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Publisher's Summary

Part artist confessional, part musical analysis, Anatomy of a Song ranges from the Isley Brothers' "Shout" to Janis Joplin's "Mercedes Benz" to R.E.M.'s "Losing My Religion".
After being discharged from the army in 1968, John Fogerty does a handstand and revises Beethoven's Fifth Symphony to come up with "Proud Mary". Joni Mitchell remembers living in a cave on Crete with the "mean old daddy" who inspired her 1971 hit "Carey". Elvis Costello talks about writing "(The Angels Wanna Wear My) Red Shoes" in 10 minutes on the train to Liverpool. Mick Jagger, Jimmy Cliff, Roger Waters, Jimmy Page, Stevie Wonder, Bonnie Raitt, and many other leading artists reveal for the first time the emotions, inspirations, and techniques behind their influential works. Covering the history of rock, R&B, country, disco, soul, reggae, and pop, Anatomy of a Song is a love letter to the songs that have defined generations of listeners.
©2016 Marc Myers (P)2016 HighBridge, a division of Recorded Books
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Customer Reviews

Most Helpful

By Buck on 01-09-18

Very sterile view of a naturally exciting topic

The narrators delivery was dull and tepid. The authors method of presenting the actual conversations was uninspired and lacking effort. This book could have been great considering the subject. I liked a few of the selections of artists but I couldn’t feel any creativity from the descriptions of their music production process. I bought this in the airport in an attempt to get away from the science, political and historical books I usually read and I’m sadly disappointed .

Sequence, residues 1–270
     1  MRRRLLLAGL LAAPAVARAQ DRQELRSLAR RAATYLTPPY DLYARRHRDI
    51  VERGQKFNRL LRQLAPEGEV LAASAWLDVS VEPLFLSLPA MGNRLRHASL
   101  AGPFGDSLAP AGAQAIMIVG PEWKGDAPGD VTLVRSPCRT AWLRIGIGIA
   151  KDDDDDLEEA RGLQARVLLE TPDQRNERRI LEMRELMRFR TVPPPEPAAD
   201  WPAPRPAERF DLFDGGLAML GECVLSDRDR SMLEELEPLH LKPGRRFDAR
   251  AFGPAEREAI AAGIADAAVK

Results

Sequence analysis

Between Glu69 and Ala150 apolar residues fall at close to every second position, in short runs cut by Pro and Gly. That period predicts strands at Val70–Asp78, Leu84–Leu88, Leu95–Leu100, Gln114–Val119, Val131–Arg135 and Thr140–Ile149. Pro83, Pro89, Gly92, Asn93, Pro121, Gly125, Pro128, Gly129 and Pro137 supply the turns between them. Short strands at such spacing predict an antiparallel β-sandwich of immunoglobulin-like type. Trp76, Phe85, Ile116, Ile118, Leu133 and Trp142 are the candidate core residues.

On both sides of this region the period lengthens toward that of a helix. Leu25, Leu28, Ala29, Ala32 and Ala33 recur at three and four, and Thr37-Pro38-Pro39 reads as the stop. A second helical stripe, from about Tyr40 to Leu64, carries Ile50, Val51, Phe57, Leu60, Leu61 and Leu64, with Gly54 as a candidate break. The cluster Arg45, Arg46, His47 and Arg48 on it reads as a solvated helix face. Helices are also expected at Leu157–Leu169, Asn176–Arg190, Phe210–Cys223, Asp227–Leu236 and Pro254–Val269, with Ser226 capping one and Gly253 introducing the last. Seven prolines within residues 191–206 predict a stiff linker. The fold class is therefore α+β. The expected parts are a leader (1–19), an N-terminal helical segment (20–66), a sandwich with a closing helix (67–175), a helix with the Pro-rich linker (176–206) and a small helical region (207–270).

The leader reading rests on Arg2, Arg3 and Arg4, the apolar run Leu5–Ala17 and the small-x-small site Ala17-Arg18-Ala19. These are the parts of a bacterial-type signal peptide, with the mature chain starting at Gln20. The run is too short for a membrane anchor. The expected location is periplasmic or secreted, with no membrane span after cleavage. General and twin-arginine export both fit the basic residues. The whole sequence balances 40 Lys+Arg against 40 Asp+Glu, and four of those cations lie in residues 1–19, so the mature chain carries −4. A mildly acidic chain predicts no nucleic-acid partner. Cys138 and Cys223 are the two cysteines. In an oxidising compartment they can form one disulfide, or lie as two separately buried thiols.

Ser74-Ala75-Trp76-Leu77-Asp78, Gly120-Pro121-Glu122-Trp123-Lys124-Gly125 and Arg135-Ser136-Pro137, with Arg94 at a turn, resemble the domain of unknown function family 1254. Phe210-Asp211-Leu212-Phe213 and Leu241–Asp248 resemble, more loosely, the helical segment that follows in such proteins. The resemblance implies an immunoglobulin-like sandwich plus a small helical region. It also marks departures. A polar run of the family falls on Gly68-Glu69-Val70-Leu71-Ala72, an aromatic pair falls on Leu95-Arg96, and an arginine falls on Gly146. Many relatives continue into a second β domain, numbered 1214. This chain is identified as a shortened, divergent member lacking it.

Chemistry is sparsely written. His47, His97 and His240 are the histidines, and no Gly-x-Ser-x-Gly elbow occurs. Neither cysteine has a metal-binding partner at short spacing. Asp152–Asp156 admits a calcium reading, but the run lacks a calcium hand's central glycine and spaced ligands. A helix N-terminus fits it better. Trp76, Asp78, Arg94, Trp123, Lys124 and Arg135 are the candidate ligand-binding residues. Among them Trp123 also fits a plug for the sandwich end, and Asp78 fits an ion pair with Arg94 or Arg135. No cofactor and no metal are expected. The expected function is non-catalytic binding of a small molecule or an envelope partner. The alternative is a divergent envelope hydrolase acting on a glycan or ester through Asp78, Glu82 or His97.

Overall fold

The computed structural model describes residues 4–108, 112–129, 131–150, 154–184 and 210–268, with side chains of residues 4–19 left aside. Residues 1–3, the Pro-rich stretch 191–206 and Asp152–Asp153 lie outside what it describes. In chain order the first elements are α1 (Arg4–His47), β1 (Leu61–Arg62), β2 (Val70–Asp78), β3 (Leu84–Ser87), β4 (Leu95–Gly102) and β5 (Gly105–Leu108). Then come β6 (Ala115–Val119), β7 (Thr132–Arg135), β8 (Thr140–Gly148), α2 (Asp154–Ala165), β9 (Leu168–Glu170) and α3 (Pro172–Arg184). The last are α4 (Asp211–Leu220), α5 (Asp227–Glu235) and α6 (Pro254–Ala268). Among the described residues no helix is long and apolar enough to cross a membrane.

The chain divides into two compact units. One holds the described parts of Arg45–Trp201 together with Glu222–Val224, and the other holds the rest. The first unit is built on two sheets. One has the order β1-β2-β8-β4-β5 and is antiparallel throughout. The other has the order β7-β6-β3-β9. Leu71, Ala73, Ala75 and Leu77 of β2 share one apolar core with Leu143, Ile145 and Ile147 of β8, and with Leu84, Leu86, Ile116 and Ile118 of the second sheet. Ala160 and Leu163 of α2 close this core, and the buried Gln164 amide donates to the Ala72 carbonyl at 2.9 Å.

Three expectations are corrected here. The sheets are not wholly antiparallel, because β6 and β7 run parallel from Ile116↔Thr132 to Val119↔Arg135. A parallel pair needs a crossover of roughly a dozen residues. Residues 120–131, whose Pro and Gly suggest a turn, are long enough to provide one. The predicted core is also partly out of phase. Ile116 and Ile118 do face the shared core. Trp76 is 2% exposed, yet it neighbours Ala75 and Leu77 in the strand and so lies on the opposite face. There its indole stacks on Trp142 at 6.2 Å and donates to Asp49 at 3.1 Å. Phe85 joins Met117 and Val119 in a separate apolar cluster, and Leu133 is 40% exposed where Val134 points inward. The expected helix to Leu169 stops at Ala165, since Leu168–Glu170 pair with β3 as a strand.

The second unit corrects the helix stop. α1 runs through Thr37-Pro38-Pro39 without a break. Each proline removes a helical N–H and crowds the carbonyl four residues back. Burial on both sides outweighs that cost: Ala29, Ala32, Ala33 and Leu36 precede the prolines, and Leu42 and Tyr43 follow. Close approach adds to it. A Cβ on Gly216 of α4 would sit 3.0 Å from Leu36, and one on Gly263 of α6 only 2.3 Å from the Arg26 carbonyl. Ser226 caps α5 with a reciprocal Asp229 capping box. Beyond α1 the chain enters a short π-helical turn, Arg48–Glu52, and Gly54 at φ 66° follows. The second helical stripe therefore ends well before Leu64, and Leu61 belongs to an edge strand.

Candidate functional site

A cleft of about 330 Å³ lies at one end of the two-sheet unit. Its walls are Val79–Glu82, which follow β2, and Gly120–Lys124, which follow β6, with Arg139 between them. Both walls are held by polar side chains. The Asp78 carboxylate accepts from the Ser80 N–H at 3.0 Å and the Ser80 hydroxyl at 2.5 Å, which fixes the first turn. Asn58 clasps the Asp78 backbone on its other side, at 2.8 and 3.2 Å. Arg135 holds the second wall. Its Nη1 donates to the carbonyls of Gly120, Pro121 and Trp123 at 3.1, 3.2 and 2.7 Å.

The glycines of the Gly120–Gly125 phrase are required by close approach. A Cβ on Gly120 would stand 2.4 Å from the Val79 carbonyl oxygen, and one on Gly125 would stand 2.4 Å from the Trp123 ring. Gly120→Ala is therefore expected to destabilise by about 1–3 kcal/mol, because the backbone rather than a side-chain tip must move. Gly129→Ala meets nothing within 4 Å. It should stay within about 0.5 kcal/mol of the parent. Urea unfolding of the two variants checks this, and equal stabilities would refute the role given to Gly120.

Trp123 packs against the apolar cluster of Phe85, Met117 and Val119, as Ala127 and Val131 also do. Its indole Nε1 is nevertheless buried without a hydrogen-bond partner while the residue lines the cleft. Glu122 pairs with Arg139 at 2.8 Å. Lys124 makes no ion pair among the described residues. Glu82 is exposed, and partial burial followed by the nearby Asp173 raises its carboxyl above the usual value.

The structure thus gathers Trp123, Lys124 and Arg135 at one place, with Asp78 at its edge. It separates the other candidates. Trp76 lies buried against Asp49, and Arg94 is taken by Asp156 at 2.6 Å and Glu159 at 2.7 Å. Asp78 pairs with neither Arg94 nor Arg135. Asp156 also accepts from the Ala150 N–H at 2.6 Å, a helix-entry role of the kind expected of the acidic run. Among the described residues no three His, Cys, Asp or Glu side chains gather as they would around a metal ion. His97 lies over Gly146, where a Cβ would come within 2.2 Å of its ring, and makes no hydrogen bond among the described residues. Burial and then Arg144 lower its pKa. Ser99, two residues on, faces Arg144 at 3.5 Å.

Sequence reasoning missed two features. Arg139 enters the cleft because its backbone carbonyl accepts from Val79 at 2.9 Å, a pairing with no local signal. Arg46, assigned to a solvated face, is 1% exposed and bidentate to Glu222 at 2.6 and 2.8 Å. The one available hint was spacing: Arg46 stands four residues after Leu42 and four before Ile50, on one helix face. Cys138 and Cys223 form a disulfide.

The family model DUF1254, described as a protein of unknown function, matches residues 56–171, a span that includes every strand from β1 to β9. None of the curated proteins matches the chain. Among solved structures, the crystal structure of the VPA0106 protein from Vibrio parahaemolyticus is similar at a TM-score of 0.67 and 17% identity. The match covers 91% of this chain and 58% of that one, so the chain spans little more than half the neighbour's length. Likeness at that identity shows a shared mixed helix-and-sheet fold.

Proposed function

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By Shipshape on 02-02-17

Why Listen when you can read?

What would have made Anatomy of a Song better?

I was disappointed because I had read many of the columns in the WSJ and found it a challenge to listen to a narrator say: Introducing Quicy Jones and then reading in the safe voice as before. With audio, why couldn't we have the audio of the creators --- also, it would have been great to have a companion audio tracks so that you could hear the song. The chapters all run into each other -- maybe a few bars to introduce the chapter would make it more lively.

What didn’t you like about Jonathan Yen’s performance?

Not a great reader -- and his task was to represent many different people - hard to do.

Any additional comments?

It is really repackaging the WSJ articles - some I missed and the stories are great -- that is why I liked the columns so much --

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1 of 4 people found this review helpful

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